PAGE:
Quarantined tennis stars fume as coach released early
The first person to record a positive coronavirus test among the Australian Open's charter flight crew is out of quarantine - and the players aren't happy.
The remaining 78 people on the flight, including 24 players, were identified as close contacts and forced into mandatory 14-day hard quarantine.
However, Elliott has since been released from quarantine after serving 10 days and is no longer deemed a risk.
His status dominated discussion in Australian Open tournament director Craig Tiley's player briefing on Monday night, with veteran American Bethanie Mattek-Sands believed to be the most vocal.
Elliott didn't need to have another COVID-19 test, because he may continue to record positive test results for an extended period, which is referred to as non-infectious 'viral shedding'.
The other passengers on the flight still have to complete their 14 days.
But why isn't a negative test a REQUIREMENT for release from iso? Because for those people, the test can remain positive for days, or weeks, or sometimes months. That means virus is detectable but it doesn't mean the individual is infectious. They almost certainly aren't. 5/x— Chief Health Officer, Victoria (@VictorianCHO) January 10, 2021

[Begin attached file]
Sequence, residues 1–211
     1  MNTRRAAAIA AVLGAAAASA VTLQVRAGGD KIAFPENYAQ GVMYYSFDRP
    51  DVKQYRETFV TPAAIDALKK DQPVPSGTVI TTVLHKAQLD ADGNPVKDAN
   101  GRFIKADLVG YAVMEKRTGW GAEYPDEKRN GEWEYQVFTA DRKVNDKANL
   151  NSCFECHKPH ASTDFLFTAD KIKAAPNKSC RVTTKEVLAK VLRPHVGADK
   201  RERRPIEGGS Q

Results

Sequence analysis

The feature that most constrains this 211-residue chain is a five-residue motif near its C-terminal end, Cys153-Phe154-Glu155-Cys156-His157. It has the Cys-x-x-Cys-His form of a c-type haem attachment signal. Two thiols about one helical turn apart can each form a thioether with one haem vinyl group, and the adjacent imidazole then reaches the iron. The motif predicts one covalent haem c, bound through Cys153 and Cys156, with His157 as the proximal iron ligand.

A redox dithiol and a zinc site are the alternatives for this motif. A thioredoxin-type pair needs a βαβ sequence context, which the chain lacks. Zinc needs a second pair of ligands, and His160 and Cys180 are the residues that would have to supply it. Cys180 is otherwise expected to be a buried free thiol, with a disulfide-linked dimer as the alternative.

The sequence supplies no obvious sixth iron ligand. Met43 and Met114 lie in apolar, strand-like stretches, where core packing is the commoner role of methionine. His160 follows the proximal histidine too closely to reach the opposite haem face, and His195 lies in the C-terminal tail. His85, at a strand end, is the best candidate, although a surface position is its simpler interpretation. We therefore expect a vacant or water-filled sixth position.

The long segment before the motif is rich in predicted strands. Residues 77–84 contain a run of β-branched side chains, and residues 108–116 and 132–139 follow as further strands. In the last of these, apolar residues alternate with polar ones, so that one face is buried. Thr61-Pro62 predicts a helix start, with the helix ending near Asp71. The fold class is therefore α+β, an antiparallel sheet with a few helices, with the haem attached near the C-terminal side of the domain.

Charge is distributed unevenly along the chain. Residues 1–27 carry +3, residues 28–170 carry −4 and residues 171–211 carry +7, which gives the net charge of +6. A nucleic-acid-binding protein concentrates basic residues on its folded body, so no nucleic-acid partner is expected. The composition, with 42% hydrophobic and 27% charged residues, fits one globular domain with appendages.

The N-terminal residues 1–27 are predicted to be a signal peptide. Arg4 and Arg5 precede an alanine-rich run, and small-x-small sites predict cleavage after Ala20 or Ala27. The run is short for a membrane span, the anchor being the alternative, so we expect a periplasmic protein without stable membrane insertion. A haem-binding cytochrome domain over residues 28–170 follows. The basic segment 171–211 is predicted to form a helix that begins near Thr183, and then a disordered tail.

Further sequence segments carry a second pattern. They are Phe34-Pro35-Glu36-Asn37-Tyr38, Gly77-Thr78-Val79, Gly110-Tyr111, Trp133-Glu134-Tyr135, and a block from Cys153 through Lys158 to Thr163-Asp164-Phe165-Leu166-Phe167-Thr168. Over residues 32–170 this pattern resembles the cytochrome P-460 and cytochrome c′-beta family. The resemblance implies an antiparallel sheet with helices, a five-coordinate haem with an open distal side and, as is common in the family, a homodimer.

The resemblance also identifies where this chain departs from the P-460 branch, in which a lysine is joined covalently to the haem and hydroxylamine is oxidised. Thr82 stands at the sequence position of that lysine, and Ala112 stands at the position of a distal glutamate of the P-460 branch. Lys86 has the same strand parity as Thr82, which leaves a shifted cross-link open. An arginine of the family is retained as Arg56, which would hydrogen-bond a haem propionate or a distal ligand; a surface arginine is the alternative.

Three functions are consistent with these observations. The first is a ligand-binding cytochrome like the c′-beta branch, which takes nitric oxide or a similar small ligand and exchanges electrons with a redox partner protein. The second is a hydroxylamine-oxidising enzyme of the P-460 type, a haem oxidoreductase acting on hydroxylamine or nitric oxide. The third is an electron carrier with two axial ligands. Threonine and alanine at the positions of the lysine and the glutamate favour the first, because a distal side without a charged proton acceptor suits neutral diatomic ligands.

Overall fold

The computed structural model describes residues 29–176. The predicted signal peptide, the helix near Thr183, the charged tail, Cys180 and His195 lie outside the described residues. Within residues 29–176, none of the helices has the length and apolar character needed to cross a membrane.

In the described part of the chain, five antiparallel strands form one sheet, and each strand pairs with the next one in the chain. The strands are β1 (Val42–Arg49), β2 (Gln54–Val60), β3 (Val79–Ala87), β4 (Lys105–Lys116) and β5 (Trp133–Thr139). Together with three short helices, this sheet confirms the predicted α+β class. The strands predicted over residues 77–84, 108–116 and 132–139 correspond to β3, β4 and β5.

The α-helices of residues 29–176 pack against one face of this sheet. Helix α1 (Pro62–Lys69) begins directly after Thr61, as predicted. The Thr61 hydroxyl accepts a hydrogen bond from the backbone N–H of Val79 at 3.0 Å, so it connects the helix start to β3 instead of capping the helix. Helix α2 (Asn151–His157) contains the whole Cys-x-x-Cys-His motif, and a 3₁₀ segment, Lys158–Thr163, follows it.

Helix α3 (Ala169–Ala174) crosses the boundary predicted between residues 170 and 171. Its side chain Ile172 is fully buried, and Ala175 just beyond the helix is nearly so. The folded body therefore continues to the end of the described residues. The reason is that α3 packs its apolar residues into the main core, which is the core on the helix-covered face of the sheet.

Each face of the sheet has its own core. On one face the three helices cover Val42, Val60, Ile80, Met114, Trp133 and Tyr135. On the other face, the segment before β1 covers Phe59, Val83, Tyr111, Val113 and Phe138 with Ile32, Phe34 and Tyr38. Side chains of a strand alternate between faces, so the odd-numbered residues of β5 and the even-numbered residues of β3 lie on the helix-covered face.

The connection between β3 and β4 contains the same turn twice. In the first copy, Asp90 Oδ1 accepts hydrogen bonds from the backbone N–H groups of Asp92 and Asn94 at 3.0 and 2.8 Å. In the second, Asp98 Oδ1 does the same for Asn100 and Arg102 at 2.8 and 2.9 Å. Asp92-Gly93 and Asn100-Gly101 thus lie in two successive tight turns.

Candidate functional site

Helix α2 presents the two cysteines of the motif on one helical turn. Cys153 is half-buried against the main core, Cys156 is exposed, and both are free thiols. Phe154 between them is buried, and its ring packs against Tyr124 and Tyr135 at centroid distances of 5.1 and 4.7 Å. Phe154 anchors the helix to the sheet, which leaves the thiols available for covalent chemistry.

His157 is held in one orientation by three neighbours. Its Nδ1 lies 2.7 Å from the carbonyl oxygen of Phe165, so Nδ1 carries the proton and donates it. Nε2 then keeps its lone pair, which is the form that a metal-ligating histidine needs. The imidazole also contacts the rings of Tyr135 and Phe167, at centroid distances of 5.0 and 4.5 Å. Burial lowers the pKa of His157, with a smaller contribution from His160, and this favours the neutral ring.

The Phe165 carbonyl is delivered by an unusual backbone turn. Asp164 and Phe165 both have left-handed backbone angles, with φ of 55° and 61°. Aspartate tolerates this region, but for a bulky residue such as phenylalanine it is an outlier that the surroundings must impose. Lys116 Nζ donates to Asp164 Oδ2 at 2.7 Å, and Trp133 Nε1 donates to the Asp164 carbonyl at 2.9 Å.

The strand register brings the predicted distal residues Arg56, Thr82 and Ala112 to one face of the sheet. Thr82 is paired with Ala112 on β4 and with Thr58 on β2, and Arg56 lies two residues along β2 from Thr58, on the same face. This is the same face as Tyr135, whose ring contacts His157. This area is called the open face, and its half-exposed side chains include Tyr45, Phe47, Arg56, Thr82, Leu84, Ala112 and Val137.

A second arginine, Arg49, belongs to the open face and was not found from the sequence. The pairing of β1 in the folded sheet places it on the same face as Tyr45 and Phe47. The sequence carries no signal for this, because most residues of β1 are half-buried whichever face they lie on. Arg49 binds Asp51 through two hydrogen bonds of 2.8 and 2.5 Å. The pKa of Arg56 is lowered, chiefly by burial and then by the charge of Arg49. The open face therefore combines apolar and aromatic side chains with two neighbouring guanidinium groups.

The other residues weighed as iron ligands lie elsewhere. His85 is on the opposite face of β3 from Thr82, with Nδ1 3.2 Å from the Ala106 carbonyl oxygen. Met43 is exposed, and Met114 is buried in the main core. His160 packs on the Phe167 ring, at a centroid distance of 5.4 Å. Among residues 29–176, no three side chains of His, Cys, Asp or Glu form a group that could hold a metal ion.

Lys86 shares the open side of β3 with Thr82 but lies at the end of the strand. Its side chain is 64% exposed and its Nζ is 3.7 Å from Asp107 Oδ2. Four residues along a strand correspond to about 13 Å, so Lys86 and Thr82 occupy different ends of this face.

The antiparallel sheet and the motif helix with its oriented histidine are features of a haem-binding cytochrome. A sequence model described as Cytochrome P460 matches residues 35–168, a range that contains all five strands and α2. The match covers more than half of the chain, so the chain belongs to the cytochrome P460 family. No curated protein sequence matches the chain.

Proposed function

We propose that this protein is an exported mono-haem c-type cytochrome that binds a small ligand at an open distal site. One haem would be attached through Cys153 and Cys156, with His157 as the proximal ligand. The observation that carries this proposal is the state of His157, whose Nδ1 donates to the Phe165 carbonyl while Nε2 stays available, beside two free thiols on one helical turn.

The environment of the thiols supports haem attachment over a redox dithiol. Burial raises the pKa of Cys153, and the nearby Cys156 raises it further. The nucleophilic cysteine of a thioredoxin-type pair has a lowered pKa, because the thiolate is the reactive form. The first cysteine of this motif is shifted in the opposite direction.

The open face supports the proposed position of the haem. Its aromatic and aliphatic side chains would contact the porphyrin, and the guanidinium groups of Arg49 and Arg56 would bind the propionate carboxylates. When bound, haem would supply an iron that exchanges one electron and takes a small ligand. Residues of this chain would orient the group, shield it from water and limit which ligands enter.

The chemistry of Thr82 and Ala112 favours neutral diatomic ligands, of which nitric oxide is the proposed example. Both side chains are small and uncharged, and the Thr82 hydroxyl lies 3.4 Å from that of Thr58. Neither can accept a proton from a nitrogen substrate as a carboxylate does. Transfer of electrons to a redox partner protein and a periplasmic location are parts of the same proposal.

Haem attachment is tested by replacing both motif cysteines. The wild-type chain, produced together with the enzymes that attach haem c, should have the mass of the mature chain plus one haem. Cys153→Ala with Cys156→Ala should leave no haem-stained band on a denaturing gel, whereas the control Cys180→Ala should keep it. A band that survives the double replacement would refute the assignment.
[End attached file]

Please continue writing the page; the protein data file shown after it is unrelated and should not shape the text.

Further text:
Victoria's chief health officer, Brett Sutton, clarified a fortnight ago how long the infectious period lasted.
"People with COVID-19 are understood to be infectious from 1-2 days before symptoms until a maximum of 10 days after, if symptoms have resolved," Sutton tweeted.
"But why isn't a negative test a REQUIREMENT for release from iso? Because for those people, the test can remain positive for days, or weeks, or sometimes months."
There are 72 players in total in 'hard' quarantine and the mandatory period is set to expire on Friday and Sunday, depending on when their flights landed in Australia.
Originally published as Quarantined tennis stars fume as coach released early